Let exports remain driving force for devt – GEPA to banks
FINANCIAL institutions must play a critical role to ensure that the export sector remains the driving force or one of the key determinants of Ghana’s economic development, the Chief Executive Officer (CEO) of the Ghana Export Promotion Authority (GEPA), Dr Afua Asabea Asare has said.
She indicated that the vast majority of companies operating in the export sector are small and medium enterprises (SMEs) which often find it extremely difficult to access financial support for their projects in spite of their potential within the economy.
Dr Asabea Asare mentioned one key challenge facing SMEs in the country saying when players in that sector turn to the banks for support, many of these financial institutions which claim to be heavily focused on SMEs fail to honour what they advertise, a development she described as not only regrettable but disappointing.
Dr Asare raised the issue in a speech read on her behalf at the maiden Consolidated Bank Ghana’s (CBG) Thought Leadership Breakfast Meeting on trade in Accra last Thursday.
The event on the theme: “Import versus Export, the role of the bank, Policymakers, Business, Stakeholders in ensuring Economic Growth and Currency Stabilisation”, brought together experts in the financial sector, export, industry and academia to discuss and find solutions to make the export industry a coveted one.
“The role of financial institutions is critical and imperative. Our financial institutions constitute the critical resource base that will oil the wheels of export development.
If we are to ensure that export remains the driving force and one of the key determinants of our economic development, we must pay attention to the sector,” she said.
According to the Ghana Statistical Service (GSS), in 2022, the total value of Ghana’s imports stood at GH₵148.6 billion, GH₵4.5 billion higher than exports which totaled GH₵144.1 billion.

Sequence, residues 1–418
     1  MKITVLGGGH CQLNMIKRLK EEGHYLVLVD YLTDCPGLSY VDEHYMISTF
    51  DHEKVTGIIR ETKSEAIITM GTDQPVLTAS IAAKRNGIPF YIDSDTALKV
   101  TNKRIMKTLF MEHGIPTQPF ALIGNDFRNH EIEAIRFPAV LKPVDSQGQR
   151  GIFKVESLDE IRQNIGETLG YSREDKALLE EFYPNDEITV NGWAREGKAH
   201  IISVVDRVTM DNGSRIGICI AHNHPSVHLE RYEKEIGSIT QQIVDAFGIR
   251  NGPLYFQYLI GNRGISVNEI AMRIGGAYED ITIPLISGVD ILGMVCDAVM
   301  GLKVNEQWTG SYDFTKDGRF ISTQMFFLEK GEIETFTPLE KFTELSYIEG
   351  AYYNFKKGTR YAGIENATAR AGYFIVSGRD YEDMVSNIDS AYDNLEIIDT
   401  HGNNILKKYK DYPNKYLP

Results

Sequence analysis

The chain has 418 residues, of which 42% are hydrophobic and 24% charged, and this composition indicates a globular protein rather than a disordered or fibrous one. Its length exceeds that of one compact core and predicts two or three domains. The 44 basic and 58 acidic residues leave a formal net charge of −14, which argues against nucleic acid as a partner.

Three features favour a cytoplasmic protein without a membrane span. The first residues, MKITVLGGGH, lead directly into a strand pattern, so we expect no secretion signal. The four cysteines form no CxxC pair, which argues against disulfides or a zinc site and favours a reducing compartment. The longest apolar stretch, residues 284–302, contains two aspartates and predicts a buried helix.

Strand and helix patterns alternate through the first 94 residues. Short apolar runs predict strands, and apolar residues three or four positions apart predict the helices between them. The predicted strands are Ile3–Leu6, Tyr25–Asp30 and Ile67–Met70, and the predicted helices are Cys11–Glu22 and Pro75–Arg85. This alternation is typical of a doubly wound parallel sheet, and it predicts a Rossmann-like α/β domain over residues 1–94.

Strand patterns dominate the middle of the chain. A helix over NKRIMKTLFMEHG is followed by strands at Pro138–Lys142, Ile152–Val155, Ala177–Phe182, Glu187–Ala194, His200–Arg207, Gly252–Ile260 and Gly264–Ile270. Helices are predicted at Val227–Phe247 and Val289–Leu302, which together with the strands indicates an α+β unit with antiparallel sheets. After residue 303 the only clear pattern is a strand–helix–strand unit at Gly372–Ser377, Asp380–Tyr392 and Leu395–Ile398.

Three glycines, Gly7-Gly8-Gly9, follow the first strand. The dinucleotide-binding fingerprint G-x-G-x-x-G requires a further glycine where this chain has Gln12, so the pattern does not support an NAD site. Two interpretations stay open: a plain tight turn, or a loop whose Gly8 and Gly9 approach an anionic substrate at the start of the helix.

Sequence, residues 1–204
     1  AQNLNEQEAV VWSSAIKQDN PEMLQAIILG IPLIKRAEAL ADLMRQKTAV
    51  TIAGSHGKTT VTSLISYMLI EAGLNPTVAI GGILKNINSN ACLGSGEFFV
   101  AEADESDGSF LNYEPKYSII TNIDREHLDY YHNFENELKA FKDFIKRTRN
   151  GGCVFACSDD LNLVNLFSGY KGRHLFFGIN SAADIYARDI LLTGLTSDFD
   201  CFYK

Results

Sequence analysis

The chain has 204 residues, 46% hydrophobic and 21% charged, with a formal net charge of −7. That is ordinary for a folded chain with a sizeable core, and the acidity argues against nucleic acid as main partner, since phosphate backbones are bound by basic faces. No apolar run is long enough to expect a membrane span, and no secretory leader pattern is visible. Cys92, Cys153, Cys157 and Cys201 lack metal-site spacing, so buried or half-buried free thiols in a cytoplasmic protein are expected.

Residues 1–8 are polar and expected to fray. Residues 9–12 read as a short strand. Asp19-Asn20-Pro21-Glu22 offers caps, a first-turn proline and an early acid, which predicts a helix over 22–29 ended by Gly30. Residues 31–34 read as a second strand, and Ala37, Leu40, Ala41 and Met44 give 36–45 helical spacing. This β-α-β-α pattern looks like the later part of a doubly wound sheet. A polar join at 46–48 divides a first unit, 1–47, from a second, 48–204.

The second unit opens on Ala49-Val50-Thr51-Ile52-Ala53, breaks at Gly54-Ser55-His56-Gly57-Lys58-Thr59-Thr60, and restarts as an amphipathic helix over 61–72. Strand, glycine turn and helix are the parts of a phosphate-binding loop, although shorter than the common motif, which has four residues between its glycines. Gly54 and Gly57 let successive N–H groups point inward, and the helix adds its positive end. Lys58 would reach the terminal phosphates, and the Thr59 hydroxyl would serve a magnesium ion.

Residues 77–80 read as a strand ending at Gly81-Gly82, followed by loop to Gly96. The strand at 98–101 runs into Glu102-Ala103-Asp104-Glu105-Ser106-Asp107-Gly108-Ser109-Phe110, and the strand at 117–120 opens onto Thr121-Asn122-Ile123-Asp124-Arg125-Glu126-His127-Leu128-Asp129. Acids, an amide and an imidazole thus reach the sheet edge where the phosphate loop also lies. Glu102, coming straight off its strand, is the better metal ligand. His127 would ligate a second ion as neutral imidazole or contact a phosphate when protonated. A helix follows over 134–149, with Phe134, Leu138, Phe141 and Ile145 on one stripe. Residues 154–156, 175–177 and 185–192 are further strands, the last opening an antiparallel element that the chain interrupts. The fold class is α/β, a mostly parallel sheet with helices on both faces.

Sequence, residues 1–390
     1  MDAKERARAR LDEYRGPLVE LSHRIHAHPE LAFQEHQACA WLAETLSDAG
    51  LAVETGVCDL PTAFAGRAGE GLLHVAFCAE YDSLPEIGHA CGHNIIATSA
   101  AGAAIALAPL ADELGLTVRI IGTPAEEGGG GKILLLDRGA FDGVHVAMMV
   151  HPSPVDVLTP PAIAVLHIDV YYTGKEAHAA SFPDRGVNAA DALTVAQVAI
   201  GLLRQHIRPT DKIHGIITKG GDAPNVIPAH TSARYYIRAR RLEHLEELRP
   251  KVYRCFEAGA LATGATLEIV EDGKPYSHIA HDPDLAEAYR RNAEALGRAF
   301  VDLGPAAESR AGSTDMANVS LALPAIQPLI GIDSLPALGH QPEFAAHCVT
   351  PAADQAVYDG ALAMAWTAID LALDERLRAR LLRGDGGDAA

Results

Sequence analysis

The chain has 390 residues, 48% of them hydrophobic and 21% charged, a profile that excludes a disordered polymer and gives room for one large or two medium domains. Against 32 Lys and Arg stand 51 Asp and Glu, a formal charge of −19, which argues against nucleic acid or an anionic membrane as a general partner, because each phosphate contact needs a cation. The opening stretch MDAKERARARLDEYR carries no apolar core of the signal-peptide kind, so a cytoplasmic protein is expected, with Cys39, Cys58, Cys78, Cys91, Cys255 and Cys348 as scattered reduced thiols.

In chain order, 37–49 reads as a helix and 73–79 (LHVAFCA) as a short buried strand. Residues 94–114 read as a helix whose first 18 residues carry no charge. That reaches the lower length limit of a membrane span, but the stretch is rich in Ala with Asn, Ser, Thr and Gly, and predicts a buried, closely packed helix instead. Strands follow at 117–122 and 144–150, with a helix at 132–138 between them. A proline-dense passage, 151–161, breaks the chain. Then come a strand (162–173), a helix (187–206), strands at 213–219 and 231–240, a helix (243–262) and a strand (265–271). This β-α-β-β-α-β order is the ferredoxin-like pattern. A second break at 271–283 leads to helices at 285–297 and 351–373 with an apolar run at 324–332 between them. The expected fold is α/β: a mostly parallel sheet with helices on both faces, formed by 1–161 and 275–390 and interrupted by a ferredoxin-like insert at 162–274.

For August 2023, the Bank of Ghana reported total exports of $10.766 million to exceed total imports of $8.75 million resulting in a trade surplus of $2,016 million.
Using the data, the GEPA CEO said there is no gainsaying that there has always been a huge dichotomy between imports and exports.
She said as a developing economy, Ghana needs to do all it takes to increase its exports as its imports also increase.
“At this stage of our development, we know that Ghana would necessarily depend on imports of critical products such as plants and machinery to be able to turn the wheel of its industrialisation agenda.
This is so because our industries are still weak and vulnerable to external shocks. However, unbridled dependence on imports and lack of commitment to drive exports would make it difficult for us to develop,” she added.
The Managing Director (MD) of CBG, Daniel Wilson Addo, said the bank is committed to support businesses, the private sector and more importantly, ensure that it is contributing its quota towards a collective and more sustainable achievement of an optimal Ghanaian economy.
He said the bank’s customers particular in the SMEs space have complained about how it has increasingly become difficult for them to access funding adding that “for those of them that are in export, the tariff and non-tariff barriers to export seem to be going up all the time making it difficult for them to navigate the terrain.”
Working capital support is great but what really grows the economy, grows productivity is long term capital, funding planting equipment, business expansion and technology. That is the next stage for our bank and that is why we have a strong collaboration with Development Bank, Ghana (DBG) that has a mandate to provide a long term capital formation for this economy,” Mr Addo said.
The Chief Executive Officer (CEO) of Development Bank Ghana (DBG), Kwamina Duker, said fostering economic prosperity will require collaboration between policymakers, industry and financial institutions.
He stressed that it is a shared responsibility to nurture an environment conducive to growth, innovation, and inclusive prosperity.
“Banks must serve as the bedrock of financial stability, providing the means for businesses to flourish. Their prudent management of good loans ensures the longevity of businesses and safeguards the economic foundations for a strong private sector,” he said.